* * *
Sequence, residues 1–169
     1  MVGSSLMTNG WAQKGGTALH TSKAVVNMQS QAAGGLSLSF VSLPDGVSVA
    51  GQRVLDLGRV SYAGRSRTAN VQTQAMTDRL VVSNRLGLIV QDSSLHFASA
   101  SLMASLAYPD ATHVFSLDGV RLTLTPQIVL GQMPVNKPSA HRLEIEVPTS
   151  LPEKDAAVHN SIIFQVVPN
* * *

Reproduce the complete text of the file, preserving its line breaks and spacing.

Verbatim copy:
Sequence, residues 1–169
     1  MVGSSLMTNG WAQKGGTALH TSKAVVNMQS QAAGGLSLSF VSLPDGVSVA
    51  GQRVLDLGRV SYAGRSRTAN VQTQAMTDRL VVSNRLGLIV QDSSLHFASA
   101  SLMASLAYPD ATHVFSLDGV RLTLTPQIVL GQMPVNKPSA HRLEIEVPTS
   151  LPEKDAAVHN SIIFQVVPN